A call has been made for the closure of the Royal Melbourne Institute of Technology (RMIT) Chiropractic Paediatric clinic for “teaching inappropriate and potentially dangerous techniques that target pregnant women, babies, infants and children”.
Loretta Marron has campaigned fearlessly and forcefully for evidence-based health care against unsubsantiated claims made in alternative medicine, and particularly unsubtantiated cancer cures. In a report outlining chiropractic practice and assessments of its efficacy, she requests that the clinic be shut down until such time as evidence can be produced that these treatments support the claims made by the course lecturers.
In this endeavour she has been supported by such notable experts as: Prof Edzard Ernst, Professor of Complementary Medicine, Peninsula Medical School, UK; Prof Ian Frazer, director of the Diamantina Institute, and former Australian of the Year; Prof John Dwyer, Emeritus Professor of Medicine UNSW, and Chair of the Australian Healthcare Reform Alliance; and Dr Simon Singh, noted science communicator who recently won a legal suit brought against him by the British Chiropractic Association; among many others.
Loretta says that universities are meant to contribute to society “through the pursuit of education, learning and research at the highest international levels of excellence. It is high time that universities returned to their core principles and dropped pseudoscientific courses which lead to attacks on vaccination and the promotion of expensive, useless and potentially harmful treatments.”
Her report says that the parents of sick children are a particularly vulnerable group, easily exploited by chiropractors. Children are not able to make their own decisions and parents need good information about the benefits and risks associated with the choices they make in their families’ health care.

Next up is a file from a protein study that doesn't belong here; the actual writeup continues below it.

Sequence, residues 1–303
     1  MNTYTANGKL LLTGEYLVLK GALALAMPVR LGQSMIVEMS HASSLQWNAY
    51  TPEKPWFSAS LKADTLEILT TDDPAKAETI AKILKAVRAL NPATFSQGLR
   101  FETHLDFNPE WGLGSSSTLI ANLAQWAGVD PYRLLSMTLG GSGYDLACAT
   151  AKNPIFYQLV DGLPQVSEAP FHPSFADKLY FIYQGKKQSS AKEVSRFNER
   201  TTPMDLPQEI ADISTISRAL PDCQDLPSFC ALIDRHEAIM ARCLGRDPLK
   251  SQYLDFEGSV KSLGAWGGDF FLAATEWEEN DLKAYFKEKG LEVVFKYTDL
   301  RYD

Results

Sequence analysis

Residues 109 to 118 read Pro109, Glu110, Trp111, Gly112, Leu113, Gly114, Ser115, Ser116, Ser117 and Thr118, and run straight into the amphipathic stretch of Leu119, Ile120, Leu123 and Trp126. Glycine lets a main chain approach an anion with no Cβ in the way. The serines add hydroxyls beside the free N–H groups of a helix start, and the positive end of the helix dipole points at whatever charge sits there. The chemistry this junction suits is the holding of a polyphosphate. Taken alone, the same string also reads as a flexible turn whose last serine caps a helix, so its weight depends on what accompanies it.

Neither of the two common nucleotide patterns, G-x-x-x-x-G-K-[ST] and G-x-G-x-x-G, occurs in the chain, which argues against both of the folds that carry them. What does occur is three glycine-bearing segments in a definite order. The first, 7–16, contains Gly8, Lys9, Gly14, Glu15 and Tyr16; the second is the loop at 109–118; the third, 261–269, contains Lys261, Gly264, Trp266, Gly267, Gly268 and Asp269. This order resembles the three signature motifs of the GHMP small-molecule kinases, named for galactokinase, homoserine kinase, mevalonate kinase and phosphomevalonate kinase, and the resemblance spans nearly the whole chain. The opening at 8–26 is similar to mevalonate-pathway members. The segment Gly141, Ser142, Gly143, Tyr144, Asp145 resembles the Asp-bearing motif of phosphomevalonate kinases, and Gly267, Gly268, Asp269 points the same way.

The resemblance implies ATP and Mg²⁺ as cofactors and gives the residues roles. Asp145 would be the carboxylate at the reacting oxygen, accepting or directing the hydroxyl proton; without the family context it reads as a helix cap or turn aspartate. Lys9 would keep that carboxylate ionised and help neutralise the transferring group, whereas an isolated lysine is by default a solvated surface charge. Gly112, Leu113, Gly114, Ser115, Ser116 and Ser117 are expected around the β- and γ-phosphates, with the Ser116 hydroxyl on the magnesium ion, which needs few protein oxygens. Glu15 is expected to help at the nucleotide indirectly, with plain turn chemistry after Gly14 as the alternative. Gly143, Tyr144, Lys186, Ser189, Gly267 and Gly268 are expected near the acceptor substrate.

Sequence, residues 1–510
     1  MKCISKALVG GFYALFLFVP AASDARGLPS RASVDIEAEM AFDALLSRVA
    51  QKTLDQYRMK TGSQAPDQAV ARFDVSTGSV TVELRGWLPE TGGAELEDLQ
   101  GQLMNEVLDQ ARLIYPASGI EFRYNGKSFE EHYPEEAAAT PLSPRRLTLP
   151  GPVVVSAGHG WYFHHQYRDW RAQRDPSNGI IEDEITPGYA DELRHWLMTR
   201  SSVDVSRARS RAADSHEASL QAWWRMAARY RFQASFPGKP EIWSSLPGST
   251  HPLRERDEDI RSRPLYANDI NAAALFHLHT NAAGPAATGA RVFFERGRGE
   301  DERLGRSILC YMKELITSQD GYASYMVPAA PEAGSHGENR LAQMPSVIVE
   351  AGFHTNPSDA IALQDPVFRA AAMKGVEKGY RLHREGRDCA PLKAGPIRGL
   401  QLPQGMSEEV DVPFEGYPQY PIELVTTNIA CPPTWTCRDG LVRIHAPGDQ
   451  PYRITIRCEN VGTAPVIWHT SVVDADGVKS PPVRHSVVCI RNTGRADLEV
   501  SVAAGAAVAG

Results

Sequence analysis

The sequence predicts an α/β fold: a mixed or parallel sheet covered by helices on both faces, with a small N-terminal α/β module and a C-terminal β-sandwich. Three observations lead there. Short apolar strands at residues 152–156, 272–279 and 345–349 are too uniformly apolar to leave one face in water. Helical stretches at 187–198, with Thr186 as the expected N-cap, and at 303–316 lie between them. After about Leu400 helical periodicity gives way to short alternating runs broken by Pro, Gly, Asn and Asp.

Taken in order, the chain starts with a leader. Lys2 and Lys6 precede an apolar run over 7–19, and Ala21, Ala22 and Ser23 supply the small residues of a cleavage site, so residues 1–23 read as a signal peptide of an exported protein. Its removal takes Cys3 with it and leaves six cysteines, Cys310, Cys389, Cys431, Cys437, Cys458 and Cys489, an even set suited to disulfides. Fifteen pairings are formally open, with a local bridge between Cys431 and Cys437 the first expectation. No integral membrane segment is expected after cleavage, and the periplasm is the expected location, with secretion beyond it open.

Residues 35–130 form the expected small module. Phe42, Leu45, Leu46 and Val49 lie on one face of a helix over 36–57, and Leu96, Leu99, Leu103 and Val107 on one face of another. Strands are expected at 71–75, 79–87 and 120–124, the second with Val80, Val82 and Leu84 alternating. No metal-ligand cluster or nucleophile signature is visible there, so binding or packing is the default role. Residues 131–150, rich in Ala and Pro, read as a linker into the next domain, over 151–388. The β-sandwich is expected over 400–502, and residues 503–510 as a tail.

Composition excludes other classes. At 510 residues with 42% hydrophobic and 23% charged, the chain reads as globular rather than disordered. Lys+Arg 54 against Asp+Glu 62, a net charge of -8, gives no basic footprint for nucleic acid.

“With the growth in numbers of chiropractors promoting chiropractic as a substitute for proven treatments and for vaccination, I believe that a re-education campaign should be urgently initiated to provide information to both consumers and chiropractors as to what they can or cannot claim, based on the balance of evidence-based medicine.
“I believe that these teachings are not restricted to RMIT”, she adds, “and would like to request that other institutions offering chiropractic courses, including Murdoch and Macquarie Universities, be investigated as well.”
Loretta has complied a detailed report on chiropractic claims and assessments which:
- includes expert opinion from high profile and well-regarded Professors of Medicine relating to supposed efficacy of chiropractic;
- identifies the claims made by lecturers and graduates from RMIT and other chiropractic teaching institutions;
- identifies the relevant codes of conduct that are breached by graduates;
- identifies research relating to spinal manipulation on a wide range of health conditions;
- refers to the General Chiropractic Council (UK) on comments on ‘subluxations’ and evidence-based practices;
- refers to the HCCC anti-vaccination campaign, which is supported by over 120 chiropractors;
- refers to a recent US-based court case which limits chiropractic diagnoses to biomechanical conditions of the spine and musculoskeletal system; and
- recommends that the competency and education standards for chiropractors be reviewed.
To date, RMIT has dismissed the claims. As reported in the Australian Medical Journal: “RMIT dismissed the claims that it was teaching potentially harmful theories and techniques targeting vulnerable patients.
“Asked for details of conditions treated at the clinic and the treatments used, the university said: ‘We do not aim to treat conditions. We look at the biomechanical situation for an individual and make the appropriate gentle adjustments. This can improve the situations in other parts of the patient’s health but RMIT is not claiming a direct cause. So in that sense we do not have a shopping list of conditions that we treat, apart from lower back pain and neck paid and headache.’ ”
This is despite the claim made on the clinic’s page within RMIT’s website that: “There are also many case studies published that report positive outcomes for patients with a range of other conditions and health concerns. Patients who present for treatment of musculoskeletal pain and discomfort often report positive changes in other aspects of their health.” This can be seen as an invitation for potential patients to approach chiropractors for the treatment of non-biomechanical conditions, in line with claims by many chiropractors for treatment of such diverse conditions influenza, constipation, bed-wetting, smoking, sexual dysfunction and depression.